I actually read two books this week! Booklovers have told me about this book for a long time, most recently my neighbors, who told me I would never look at my dog the same way again. And they were right. This story is narrated by Enzo, who's human caretaker, Denny, is an aspiring race car driver. Denny is married to Eve, and they have a daughter Zoe. When something happens to Eve and her parents go to extreme lengths to wrestle custody of Zoe from her father, all hell breaks loose. The entire story is told through Enzo's eyes, whose only wish is to come back in the next life as a human so he can have opposable thumbs and be able to speak all the thoughts that are in his mind. Through Enzo's narration the reader learns what the world is like from a dog's perspective, and why they do what they do. A really graceful, lovely story.
Another "narrated by the dog" story. I have actually read about half of this book and it is really lovely. It follows the life (I really should say "lives," because this dog has several lives in succession) and the thoughts of the dog as he lives with a family through all its stages. Attached most closely to the boy in the family, he describes what it is like to visit the old couple on the farm (Grandma and Grandpa), one of his favorite places with its multitudes of smells and places to discover. He also describes how confused he is as the boy goes off to college and he is told to "stay." I have the feeling that if I finish this book it will be with a box of tissues next to me.
When Elizabeth Gilbert visited the Twin Cities (see "Elizabeth Gilbert Fills the House" on this blog), someone asked her what is her favorite book to recommend to people, and this book was her answer. It is the true story of a Hmong family in Merced, California, who has a young daughter with severe epilepsy. How the family viewed this "illness," and how the medical community viewed it, created a clash of cultures with tragic results. Fadiman also gives the reader an extensive history of the Hmong people: their beliefs, their homeland, and the circumstances of their journey to the United States.
I first heard of Elizabeth Benedict when she appeared as a guest butler on the Head Butler site, first writing about Joyce Carol Oates new book about her sudden widowhood, and then again when she wrote about the book "The Winter of Our Discontent: How Three Totally Wired Teenagers (and a Mother Who Slept With her iPhone) Pulled the Plug on Their Technology and Lived to Tell the Tale." I went to her website and read some delightful essays, then decided I would check out "Almost," one of her novels. The first chapter has me totally hooked and I plan to keep this one for myself to read. From the inside cover, "Almost divorced, Sophy Chase is in bed with her new lover - an art dealer and father of four young children - when the police call her with shocking news. Her almost ex-husband, Will, has died suddenly....Sophy takes off at once, hurled back into a life and a family - her husband's grown twin daughters and their prickly mother - she had intended to leave behind." Did I mention it is funny, intelligent, and promises an unforgettable cast of characters?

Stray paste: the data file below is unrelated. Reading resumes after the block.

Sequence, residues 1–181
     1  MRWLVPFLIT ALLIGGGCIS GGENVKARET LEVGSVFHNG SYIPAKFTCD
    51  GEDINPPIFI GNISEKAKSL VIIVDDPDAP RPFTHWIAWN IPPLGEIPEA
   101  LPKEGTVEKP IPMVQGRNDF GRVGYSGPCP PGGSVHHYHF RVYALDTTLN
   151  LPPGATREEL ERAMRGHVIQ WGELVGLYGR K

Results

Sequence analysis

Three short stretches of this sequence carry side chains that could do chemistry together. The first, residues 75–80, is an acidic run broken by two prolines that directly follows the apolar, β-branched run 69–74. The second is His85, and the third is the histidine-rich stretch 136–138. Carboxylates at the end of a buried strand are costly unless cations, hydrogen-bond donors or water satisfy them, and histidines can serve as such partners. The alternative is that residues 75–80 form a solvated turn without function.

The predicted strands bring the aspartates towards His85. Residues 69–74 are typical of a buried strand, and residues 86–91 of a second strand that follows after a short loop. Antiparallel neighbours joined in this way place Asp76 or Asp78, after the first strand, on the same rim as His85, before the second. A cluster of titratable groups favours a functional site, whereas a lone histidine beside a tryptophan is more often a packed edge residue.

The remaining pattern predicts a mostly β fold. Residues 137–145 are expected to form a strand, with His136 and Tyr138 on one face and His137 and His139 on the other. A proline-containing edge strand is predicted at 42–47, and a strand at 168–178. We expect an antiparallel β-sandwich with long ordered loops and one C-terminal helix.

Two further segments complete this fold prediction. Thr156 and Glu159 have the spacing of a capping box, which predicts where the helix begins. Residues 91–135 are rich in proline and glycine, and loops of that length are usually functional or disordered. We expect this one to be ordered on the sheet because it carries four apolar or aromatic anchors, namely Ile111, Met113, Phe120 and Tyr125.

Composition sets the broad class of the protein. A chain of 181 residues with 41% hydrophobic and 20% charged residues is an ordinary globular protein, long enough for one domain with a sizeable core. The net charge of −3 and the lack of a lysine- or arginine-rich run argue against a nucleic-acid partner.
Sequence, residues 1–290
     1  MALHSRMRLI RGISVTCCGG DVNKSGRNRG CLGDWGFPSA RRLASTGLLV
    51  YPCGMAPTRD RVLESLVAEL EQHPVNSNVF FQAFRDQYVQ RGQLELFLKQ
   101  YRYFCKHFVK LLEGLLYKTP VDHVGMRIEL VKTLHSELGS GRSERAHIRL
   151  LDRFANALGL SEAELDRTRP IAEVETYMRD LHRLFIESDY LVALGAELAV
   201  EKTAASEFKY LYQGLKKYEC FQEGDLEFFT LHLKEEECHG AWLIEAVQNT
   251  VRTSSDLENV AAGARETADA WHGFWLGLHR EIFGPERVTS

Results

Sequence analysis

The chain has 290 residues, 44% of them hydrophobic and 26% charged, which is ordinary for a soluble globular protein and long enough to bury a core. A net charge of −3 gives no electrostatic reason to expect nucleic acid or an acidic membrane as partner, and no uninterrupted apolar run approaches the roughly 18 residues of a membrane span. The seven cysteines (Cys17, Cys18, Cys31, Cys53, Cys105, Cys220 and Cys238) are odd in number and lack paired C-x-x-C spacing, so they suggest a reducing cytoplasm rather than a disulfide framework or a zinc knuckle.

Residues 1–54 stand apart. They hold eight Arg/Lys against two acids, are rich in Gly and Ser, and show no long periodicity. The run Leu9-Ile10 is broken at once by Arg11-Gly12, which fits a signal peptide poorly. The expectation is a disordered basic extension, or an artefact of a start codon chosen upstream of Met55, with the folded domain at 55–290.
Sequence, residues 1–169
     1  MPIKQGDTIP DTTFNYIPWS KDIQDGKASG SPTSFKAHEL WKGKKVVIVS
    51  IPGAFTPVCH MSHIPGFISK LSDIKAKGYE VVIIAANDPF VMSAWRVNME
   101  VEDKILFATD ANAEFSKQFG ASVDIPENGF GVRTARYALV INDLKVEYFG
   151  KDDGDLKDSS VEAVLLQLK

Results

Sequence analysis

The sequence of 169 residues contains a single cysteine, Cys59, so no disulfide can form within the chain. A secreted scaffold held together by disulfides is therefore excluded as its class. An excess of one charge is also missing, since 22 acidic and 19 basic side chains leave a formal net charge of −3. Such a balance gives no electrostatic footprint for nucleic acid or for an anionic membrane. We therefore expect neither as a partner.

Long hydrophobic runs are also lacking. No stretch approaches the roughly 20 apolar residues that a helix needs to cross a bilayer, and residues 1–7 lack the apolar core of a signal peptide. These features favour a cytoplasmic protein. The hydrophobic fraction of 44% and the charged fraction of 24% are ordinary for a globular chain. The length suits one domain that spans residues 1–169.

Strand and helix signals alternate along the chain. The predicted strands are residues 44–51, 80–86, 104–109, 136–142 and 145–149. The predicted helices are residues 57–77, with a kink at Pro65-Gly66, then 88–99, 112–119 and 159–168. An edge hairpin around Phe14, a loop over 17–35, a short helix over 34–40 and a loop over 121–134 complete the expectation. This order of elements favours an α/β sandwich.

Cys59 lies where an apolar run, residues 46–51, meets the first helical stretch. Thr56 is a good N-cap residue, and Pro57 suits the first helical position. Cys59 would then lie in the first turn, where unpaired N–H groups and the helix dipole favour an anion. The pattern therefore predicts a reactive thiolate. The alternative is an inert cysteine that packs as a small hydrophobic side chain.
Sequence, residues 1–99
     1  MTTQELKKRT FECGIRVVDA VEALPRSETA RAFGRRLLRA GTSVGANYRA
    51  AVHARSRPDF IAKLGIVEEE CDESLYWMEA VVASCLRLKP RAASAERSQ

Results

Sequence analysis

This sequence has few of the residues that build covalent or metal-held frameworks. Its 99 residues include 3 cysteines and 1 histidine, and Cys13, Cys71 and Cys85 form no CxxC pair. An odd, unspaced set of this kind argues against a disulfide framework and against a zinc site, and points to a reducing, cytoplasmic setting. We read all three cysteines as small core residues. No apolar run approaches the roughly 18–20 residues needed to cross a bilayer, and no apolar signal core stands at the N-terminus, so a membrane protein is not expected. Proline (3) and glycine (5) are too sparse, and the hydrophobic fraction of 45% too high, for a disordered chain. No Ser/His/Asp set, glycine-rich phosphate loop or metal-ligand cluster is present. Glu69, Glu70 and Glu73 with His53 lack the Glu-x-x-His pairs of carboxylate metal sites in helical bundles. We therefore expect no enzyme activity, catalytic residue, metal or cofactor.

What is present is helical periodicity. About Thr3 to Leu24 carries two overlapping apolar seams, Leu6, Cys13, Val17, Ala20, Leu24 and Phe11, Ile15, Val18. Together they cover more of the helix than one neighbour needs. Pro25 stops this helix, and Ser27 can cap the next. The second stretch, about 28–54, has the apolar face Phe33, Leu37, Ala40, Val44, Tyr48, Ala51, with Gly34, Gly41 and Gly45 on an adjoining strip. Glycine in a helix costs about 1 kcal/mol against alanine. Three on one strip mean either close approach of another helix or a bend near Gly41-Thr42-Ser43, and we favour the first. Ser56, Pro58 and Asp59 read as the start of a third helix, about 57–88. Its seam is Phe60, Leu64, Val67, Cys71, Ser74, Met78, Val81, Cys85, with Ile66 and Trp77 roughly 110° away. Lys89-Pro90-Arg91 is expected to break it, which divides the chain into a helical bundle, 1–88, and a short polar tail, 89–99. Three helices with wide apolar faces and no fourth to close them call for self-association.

From the inside cover: "'We were a world of two, my mother and I, until I started turning into an American girl. That's when she began telling me about The Good Daughter. It became a taunt, a warning, an omen.' Jasmin Darznik came to America from Iran when she was only three years old, and she grew up knowing very little about her family's history. When she was in her early twenties, on a day shortly following her father's death, Jasmin was helping her mother move; a photograph fell from a stack of old letters. The girl pictured was her mother. She was wearing a wedding veil, and at her side stood a man whom Jasmin had never seen before." Eventually Jasmin convinces her mother to tell her the story of her first marriage at age thirteen, the years of abuse, and the daughter she had to leave behind to save herself.
Fortunate Son by Walter Mosley
My friend Deb P. recommended this book. I said I don't read crime or detective stories (my somewhat ill-informed impression of author Walter Mosley's work). She said this one is different. Fortunate Son follows two half-brothers, one white and one black, over the course of their childhood and young adulthood. One is not expected to live at birth, the other is unusually strong and thriving. As their life circumstances change, one goes through many hardships, while the other goes through life feeling completely disconnected from emotion. After ten years of separation they reunite under dramatic circumstances and discover what they have meant to each other all along. Booklist said, "Mosley, best known for his Easy Rawlins mystery series, weaves the themes of race, destiny, and redemption into an astonishing tale of unlikely siblings and unconditional love."